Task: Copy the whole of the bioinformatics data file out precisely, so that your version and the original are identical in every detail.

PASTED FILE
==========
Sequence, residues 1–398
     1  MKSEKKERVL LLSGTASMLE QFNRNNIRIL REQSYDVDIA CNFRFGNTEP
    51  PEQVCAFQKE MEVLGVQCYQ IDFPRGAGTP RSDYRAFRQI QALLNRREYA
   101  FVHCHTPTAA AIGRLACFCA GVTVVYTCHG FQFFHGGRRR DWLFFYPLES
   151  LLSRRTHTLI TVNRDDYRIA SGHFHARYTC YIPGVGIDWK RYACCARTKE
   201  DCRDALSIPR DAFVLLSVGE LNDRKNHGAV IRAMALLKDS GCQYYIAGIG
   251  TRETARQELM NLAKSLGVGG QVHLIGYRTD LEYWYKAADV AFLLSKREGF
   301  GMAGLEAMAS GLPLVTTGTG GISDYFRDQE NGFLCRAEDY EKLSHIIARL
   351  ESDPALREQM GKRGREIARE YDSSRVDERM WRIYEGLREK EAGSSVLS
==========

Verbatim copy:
Sequence, residues 1–398
     1  MKSEKKERVL LLSGTASMLE QFNRNNIRIL REQSYDVDIA CNFRFGNTEP
    51  PEQVCAFQKE MEVLGVQCYQ IDFPRGAGTP RSDYRAFRQI QALLNRREYA
   101  FVHCHTPTAA AIGRLACFCA GVTVVYTCHG FQFFHGGRRR DWLFFYPLES
   151  LLSRRTHTLI TVNRDDYRIA SGHFHARYTC YIPGVGIDWK RYACCARTKE
   201  DCRDALSIPR DAFVLLSVGE LNDRKNHGAV IRAMALLKDS GCQYYIAGIG
   251  TRETARQELM NLAKSLGVGG QVHLIGYRTD LEYWYKAADV AFLLSKREGF
   301  GMAGLEAMAS GLPLVTTGTG GISDYFRDQE NGFLCRAEDY EKLSHIIARL
   351  ESDPALREQM GKRGREIARE YDSSRVDERM WRIYEGLREK EAGSSVLS